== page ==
About 2 p.m. Hooker came on the ground with Butterfield's corps, Whipple's division relieving Howard's, on the latter being ordered to the front, in the duty of holding the right of the town.
    The following dispatch was received from General Sumner about 3 p.m.:

December 13, 1862--2.40 p.m.

General COUCH:

    Hooker has been ordered to put in everything. You must hold on until he comes in. By command of Brevet Major-General Sumner:

Lieutenant, Aide-de-Camp, &c.

    The Second Corps held its ground, many of the regiments out of ammunition, relying upon the bayonet. Our batteries on the left bank of the river aided our efforts.
    About 4 p.m., in the absence of General Hooker, I directed General Humphreys, who, I presumed, had orders to co-operate, to move forward his division. He twice led his men forward with great gallantry, but was unsuccessful in effecting a lodgment, and retired.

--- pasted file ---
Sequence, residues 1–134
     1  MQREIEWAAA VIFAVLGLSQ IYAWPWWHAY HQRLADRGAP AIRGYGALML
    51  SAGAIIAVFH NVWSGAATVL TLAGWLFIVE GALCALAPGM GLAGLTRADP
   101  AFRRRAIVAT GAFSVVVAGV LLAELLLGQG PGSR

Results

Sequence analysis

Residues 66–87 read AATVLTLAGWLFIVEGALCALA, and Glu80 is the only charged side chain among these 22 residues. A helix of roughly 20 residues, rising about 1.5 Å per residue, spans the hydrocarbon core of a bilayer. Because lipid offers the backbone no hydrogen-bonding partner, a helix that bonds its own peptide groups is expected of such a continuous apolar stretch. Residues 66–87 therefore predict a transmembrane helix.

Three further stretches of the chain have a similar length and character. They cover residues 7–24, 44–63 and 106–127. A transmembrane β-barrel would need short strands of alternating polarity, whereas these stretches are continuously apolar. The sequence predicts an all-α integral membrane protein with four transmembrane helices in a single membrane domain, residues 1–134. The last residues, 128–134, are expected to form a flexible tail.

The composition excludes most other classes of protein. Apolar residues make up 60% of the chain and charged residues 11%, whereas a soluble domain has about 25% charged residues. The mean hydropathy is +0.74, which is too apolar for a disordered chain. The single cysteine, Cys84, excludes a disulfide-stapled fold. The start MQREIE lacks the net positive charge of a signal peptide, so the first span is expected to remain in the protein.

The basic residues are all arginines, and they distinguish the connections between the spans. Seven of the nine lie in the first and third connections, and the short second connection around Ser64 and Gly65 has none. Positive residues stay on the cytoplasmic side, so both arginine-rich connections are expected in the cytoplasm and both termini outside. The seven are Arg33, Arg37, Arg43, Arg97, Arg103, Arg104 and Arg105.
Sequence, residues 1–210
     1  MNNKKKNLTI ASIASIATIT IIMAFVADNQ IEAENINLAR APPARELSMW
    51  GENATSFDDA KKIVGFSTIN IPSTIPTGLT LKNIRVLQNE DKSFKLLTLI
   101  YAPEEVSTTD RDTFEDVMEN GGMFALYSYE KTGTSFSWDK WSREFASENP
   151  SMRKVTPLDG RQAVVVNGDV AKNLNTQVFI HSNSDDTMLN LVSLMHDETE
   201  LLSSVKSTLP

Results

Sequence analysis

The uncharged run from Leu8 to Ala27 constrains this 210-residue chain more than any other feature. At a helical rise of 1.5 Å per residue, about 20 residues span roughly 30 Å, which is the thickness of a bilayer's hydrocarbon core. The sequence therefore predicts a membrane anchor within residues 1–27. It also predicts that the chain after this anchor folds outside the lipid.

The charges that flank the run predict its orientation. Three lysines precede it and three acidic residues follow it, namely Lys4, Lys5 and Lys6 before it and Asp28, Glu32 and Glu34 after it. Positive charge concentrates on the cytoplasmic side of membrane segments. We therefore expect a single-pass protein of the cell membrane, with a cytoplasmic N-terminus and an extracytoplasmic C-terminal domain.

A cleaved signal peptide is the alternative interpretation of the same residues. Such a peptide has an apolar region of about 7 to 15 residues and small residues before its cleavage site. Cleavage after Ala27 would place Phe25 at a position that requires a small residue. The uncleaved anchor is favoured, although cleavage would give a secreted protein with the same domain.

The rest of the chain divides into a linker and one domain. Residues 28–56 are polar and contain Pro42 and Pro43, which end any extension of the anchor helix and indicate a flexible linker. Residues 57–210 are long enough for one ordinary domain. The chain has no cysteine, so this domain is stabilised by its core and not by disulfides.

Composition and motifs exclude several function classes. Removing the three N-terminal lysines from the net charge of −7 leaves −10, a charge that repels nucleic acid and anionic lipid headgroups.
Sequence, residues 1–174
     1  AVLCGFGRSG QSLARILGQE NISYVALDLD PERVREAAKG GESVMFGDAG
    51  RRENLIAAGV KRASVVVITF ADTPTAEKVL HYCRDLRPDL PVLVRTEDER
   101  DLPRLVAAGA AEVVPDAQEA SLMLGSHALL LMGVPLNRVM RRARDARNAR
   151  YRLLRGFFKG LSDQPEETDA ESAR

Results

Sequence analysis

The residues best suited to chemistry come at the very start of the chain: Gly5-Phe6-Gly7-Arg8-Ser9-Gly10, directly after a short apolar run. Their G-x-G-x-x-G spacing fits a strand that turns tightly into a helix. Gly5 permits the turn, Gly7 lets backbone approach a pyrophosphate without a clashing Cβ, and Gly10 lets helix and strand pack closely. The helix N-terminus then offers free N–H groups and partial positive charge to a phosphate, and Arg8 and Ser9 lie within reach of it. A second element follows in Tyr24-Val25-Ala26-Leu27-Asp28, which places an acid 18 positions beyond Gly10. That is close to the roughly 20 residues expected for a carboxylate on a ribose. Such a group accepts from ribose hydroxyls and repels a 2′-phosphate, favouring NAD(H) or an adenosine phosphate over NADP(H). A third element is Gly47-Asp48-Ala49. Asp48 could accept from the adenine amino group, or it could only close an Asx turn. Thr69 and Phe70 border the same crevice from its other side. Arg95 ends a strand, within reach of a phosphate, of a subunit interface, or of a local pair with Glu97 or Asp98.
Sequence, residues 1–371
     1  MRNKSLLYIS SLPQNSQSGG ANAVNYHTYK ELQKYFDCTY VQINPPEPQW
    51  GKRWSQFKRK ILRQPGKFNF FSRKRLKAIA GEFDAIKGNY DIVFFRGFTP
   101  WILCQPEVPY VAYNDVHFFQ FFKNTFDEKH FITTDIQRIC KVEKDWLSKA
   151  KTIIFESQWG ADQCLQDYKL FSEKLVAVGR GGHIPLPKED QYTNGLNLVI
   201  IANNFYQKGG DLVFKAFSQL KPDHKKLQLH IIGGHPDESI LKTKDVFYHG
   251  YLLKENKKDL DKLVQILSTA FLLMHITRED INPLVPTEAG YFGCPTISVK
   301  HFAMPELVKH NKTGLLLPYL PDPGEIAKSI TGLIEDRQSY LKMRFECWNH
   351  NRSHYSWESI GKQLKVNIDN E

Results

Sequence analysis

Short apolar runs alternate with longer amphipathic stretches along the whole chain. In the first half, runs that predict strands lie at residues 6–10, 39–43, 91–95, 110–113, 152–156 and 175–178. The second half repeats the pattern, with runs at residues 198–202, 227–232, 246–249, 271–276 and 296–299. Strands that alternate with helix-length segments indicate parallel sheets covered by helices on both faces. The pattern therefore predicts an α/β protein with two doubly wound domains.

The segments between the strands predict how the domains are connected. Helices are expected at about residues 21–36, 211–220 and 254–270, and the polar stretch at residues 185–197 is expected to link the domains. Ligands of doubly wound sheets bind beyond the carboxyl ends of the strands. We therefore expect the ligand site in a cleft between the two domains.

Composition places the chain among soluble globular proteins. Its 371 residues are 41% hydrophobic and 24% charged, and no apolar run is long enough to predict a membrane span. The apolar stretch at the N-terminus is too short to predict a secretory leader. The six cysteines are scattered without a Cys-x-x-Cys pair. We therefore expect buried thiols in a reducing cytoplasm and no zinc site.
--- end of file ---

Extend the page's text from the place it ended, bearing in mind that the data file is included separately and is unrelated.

At 4.15, Hazard, with his battery of light 12-pounders, was ordered forward to within 300 yards of the enemy's line, for the purpose of breaking up that part of the line which was delivering so destructive a fire on the Ninth Corps. The duty was bravely done. Captain Frank, First New York Artillery, was soon after effectively sent in on Hazard's left by Major-General Hooker, who came up.
    Lieutenant Thomas' battery (c), Fourth U.S. Artillery, was in action for a short time on the left, doing good service. Kirby's battery was held in readiness to act at a critical period, only one section being in action.